Cameroon’s government ordered thousands of villagers to leave their homes in the Anglophone Southwest region as it deploys troops to root out armed separatists who have vowed to loosen President Paul Biya’s long grip on power.
The deployment marks an escalation of Biya’s year-long crackdown on peaceful protests in the English-speaking Northwest and Southwest regions.
Agbor Valery, a lawyer in Mamfe, which is near some of the evacuated villages, said the government was using force to confront an insurgency that had sprung up alongside the civil unrest.
The separatists have killed at least eight soldiers and policemen over the past month as part of their campaign to break from the capital Yaounde in Francophone Cameroon and form a separate state called Ambazonia.
Authorities of the Manyu Division in the Southwest on December 1 gave the order to evacuate 16 villages across the region.
They warned that anyone deciding to stay “will be treated as accomplices or perpetrators of ongoing criminal occurrences.”
Motorbikes, a preferred mode of transport for separatist attackers, were ordered off the roads between 7 p.m. and 6 a.m.
“People ran helter skelter when they saw the statement,” said Valery.
He said people were afraid of being rounded up and put in jail, as has happened since September in other areas of the English-speaking part of the country.
“If you go to the villages, everyone has fled. Only the old people stayed. The streets are quiet. They are highly militarised. At night, you hear gunfire.”
Valery said he saw hundreds of troops and truck loads of military equipment arrive in Mamfe on Sunday that were then deployed to the surrounding villages.
Reuters was unable to independently verify his account; but two military sources in the city of Bamenda in Northwest region confirmed that additional security forces have been deployed in the English-speaking regions.
The separatist movement compounds problems for 84-year-old Biya, who has ruled Cameroon since 1982 and plans to stand for another term in 2018.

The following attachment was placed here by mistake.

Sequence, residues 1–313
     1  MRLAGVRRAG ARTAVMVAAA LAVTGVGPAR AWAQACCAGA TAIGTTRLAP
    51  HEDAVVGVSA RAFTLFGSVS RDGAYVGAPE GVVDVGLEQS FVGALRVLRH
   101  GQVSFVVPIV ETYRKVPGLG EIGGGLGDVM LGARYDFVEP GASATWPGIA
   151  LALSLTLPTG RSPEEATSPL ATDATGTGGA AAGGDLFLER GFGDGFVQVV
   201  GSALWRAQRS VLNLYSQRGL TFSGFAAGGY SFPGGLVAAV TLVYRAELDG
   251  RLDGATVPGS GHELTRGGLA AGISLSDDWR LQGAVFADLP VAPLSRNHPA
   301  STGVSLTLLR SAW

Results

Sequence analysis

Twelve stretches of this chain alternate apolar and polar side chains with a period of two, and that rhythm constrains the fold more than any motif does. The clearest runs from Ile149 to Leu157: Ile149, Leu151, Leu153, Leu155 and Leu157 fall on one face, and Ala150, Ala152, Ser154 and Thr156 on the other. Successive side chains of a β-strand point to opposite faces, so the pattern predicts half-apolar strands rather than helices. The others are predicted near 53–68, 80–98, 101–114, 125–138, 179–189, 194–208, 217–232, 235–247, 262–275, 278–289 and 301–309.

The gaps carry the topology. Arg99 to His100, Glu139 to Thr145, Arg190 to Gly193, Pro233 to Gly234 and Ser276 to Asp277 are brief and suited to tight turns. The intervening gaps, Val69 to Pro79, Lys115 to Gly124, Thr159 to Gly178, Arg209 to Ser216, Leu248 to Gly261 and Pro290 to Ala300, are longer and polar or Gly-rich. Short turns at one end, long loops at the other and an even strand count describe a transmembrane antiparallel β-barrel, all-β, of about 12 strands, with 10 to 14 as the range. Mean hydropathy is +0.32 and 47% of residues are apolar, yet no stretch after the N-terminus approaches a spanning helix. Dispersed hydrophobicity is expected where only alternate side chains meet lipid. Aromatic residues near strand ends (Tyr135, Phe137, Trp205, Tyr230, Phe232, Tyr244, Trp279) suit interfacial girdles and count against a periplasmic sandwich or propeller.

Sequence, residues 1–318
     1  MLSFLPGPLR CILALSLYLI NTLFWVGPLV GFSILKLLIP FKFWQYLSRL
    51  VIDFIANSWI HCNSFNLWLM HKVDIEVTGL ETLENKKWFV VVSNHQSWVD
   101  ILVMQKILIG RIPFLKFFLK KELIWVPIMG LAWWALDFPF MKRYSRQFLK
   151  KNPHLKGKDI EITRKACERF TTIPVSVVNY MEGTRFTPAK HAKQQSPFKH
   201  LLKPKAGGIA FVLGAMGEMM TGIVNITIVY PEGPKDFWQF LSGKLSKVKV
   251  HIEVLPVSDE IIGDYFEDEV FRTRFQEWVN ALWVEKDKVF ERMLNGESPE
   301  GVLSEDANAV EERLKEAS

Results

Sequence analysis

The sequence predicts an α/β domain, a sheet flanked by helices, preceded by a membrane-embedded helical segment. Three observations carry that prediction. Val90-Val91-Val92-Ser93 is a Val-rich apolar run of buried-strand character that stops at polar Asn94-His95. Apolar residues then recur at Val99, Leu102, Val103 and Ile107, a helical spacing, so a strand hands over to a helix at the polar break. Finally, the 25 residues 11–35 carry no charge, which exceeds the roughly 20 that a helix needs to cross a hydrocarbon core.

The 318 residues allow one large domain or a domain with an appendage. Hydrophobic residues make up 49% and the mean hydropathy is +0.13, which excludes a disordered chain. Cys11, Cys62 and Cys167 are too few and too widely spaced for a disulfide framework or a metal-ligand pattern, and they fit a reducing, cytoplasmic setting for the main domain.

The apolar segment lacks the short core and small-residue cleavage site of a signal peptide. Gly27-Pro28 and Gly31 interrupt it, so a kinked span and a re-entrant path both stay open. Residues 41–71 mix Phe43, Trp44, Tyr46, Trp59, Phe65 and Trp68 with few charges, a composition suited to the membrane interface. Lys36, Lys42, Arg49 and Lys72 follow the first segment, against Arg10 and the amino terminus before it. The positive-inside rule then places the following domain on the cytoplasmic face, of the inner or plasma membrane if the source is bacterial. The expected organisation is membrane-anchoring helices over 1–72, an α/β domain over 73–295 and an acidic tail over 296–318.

The economy has slowed sharply since 2014, while attacks in the Far North region by Islamist militant group Boko Haram have strained the military.
The fall in November of Zimbabwe’s leader Robert Mugabe after decades in power highlights the potential vulnerability of Africa’s long serving rulers amid a growing grassroots push for strict term limits for presidents.
On December 1, Biya vowed to flush out secessionists, whom he called “criminals.”
Defence minister Joseph Assomo said on Monday the new deployment would “prevent terrorists from harming others.”
Violence has spiraled since 2016 when government forces crushed peaceful protests by Anglophone teachers and lawyers protesting their perceived marginalisation by the French-speaking majority.
The heavy-handed government response fuelled support for the separatist movement, which has existed on the fringes of Cameroonian politics for decades. The response has also forced thousands out of their homes.
No fewer than 5,000 have fled Anglophone Cameroon across the border to Nigeria since October 1, the UN said.
UN refugee agency said it was making preparations for up to 40,000 refugees.
Abia David told Reuters that he left Bamenda in Northwest Cameroon on October 27 amid widespread arrests in the town.
He heard from friends that the police were coming to arrest him because he is a member of an opposition political group.
To escape Bamenda, and avoid its increasingly crowded jail, he cycled 16 km into the countryside to the head of a bush road. From there, he walked some 100 km alone north through a series of remote villages towards Nigeria.
“There was no time to carry food. I had one change of clothes but I lost that.”
He slept on strangers’ floors and arrived in Nigeria a week later, where he fell ill with malaria. He said NGOs on the border had estimated an extra 1,000-odd people had arrived since the weekend.
The UNHCR is offering provisions such as mosquito nets and is helping refugees find housing. So far, there is no central camp for refugees and they rely on the hospitality of Nigerians for room and board.
For David, it beats going home. Asked if he planned to return, he said: “Go home to where? Go home to be killed? To go to jail without trial? I can only go back once this is resolved.” (Reuters/NAN)